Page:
Syria: The military, the militias and the spies
When it comes to the forces of the Syrian government there is an extraordinarily complex and opaque relationship between the military, the militias, the numerous intelligence agencies and the various power centres that control them.
This is one of the reasons why apportioning individual blame for massacres like the one that took place at Houla last Friday is so difficult and why Syria's President Bashar al-Assad has been able to keep a straight face while denying any culpability for recent atrocities.
The various forces are:
Syria has a large, powerful, but far from invincible military, equipped with weaponry supplied mainly by Russia and recently Iran.
When a civilian area - like Baba Amr in Homs - is shelled it is most likely to be by the conventional Syrian army, acting on orders stemming from a military chain of command.
Brig General Hashem, a former Syrian soldier, says unmanned aerial drones supplied by Iran since the uprising began 15 months ago are being used extensively to guide artillery units onto which buildings to target and flatten.
"These drones were unheard of in Syria until Iran started supplying them," he says.
Russia has also reportedly been shipping very large quantities of arms to its long-standing ally Syria, including thousands of sniping rifles used by government forces positioned on rooftops to pick off activists in the street.
Syria, like almost any country, has an army, a navy and an airforce. It has a conscript army with 18 months compulsory service, backed by about 200,000 regular soldiers, two thirds of whom are said to be from the same Alawite minority sect as the president and his regime.
Syria's sizable military is no match for Israel's - it was beaten in both the 1967 and 1973 wars - and it stayed out of the 2006 Lebanon War.
Since the current uprising began last year Syrian armour, notably the 4th Mechanised Division, has been used extensively to crush internal opposition. Tanks and armoured personnel carriers have become a frequent sight in areas of protest or opposition.
Withdrawing this heavy weaponry to barracks is one of the demands of Kofi Annan's UN-backed ceasefire plan. But since it has not happened, the rebels are trying hard to acquire the sort of modern anti-tank weapons that wreaked such damage on Israel's Merkava tanks in southern Lebanon in 2006.
With Russian help, Syria has an extensive air defence network that could make enforcing any future no-fly zone difficult, if one was ever implemented.
When Israeli warplanes destroyed a suspected Syrian nuclear site in 2007 they were able to evade the air defences by electronic jamming. Since then, Syria's air defences have been reviewed and it is far from certain that such an operation could be repeated.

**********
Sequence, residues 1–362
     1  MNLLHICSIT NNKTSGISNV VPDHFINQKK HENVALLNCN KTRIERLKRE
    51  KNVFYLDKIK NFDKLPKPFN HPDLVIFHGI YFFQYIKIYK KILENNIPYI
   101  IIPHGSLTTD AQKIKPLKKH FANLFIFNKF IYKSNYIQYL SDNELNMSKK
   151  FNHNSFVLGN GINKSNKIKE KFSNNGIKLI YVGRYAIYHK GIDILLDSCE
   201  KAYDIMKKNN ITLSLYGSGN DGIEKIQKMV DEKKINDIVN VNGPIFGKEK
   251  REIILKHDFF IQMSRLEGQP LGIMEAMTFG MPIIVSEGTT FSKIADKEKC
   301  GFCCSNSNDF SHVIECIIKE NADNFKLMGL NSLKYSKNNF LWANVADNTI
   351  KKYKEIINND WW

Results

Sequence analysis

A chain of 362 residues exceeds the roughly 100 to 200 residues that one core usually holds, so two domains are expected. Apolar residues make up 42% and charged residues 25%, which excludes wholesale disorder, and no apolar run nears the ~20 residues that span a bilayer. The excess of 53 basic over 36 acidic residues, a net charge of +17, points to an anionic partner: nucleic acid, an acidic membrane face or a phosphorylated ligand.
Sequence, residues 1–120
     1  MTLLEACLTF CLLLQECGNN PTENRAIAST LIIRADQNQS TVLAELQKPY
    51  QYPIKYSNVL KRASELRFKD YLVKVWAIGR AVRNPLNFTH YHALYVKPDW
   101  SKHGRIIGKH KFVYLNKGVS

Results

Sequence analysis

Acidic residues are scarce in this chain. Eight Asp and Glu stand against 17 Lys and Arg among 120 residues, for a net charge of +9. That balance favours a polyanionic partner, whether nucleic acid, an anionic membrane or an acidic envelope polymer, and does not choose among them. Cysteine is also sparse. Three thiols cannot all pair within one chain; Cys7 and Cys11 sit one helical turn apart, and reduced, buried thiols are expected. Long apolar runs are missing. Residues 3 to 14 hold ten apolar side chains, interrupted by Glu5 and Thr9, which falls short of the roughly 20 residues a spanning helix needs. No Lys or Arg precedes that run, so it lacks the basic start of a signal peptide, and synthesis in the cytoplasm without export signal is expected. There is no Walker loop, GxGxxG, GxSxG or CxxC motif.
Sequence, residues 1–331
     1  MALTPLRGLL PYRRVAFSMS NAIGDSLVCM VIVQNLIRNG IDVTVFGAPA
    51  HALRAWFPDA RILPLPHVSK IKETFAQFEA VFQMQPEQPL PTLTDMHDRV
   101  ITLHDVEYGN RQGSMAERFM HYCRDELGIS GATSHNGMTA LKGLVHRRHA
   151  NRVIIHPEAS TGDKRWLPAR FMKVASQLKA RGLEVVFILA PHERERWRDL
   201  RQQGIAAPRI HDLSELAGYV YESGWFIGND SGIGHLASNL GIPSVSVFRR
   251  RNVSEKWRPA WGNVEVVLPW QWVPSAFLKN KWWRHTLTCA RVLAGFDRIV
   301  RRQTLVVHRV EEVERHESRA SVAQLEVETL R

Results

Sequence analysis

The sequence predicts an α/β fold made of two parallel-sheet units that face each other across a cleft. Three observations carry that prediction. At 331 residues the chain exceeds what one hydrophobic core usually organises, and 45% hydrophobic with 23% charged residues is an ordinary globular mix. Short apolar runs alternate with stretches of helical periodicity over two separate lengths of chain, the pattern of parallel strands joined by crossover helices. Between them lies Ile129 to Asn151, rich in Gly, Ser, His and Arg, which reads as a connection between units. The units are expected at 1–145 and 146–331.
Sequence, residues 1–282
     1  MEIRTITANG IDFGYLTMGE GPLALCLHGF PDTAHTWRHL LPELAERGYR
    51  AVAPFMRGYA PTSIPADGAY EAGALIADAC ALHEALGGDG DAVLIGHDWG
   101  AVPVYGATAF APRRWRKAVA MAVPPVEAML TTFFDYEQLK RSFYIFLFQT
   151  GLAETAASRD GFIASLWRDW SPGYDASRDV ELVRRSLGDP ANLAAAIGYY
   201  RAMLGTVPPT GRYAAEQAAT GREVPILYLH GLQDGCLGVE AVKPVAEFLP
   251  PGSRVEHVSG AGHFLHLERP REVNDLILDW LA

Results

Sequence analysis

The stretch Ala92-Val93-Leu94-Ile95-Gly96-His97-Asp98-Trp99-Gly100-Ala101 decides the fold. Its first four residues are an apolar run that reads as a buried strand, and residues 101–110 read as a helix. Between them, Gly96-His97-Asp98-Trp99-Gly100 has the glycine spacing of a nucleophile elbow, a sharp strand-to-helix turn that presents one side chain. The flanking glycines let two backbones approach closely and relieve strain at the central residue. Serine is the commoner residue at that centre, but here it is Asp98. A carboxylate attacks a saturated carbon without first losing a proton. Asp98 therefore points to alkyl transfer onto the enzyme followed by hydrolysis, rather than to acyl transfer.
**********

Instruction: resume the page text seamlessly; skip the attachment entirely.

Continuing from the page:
The Intelligence Agencies
Syria has a sprawling network of 17 intelligence agencies that fall into four broad categories, all aimed primarily at maintaining the regime in power.
Military Intelligence, known as al-Mukhabarat, is under control of the president and focuses on monitoring dissidents.
Airforce intelligence is one of the most deeply established and all-pervasive branches of state security. It was responsible for trying (unsuccessfully) to smuggle a bomb on board an Israeli airliner out of Heathrow in 1986.
The General Security Directorate comes under the Ministry of Interior, while the Political Security Directorate is perhaps the most vigorous of all in pursuing the regime's opponents inside the country.
Just like in Egypt under President Mubarak, the numbers of people working in Syrian intelligence are vast - one former insider puts it at least 150,000.
And like in Ceaucescu's Romania or Communist East Germany, informants are everywhere, reporting back - for a small reward - unguarded comments deemed critical of the president or his regime. Such comments, even if invented, can lead to months of torture in detention centres, sometimes ending in death.
The detention centres are distributed throughout the country and some of the abuses carried out in them are well documented by human rights organisations. Amnesty International, in its 2012 report, quotes graphic examples of torture carried out by Military Intelligence, State Security, Political Security and Airforce Intelligence.
Known as shabiha, these are the blunt edge of Syrian state repression and undoubtedly responsible for some of the worst atrocities yet committed.
Essentially they are street thugs, often with criminal backgrounds, and some with connections to smuggling mafias along the coast.
With no official status and no uniform - other than their favoured black leather jackets - they are guns for hire, swarming into certain districts when ordered to, usually on a Friday, a day that has become the traditional day of protest across the Arab world.
The shabiha operate at very much a local level, making it hard to trace their crimes back to anyone high up in government in Damascus. Many, but not all, are from the president's Alawite clan but their loyalty appears to be to whoever is paying them rather than to any ethnicity or religion.
They are the perpetrators of the proverbial "dirty deeds done dirt cheap". In the case of the Houla massacre it is quite possible that following the artillery bombardment they were sent in by someone locally to "finish the job", slitting the throats of survivors or shooting them in the head.
Local sources say they may well have been hired to carry out an act of vengeance against Sunni villagers after rebels from the Free Syrian Army shelled nearby Alawite villages with captured mortars.
The shabiha do not appear in any official command structure but analysts say they are "a useful tool for the government to carry out repression at arm's length".
The Syrian government continues to deny it is responsible for repression or torture.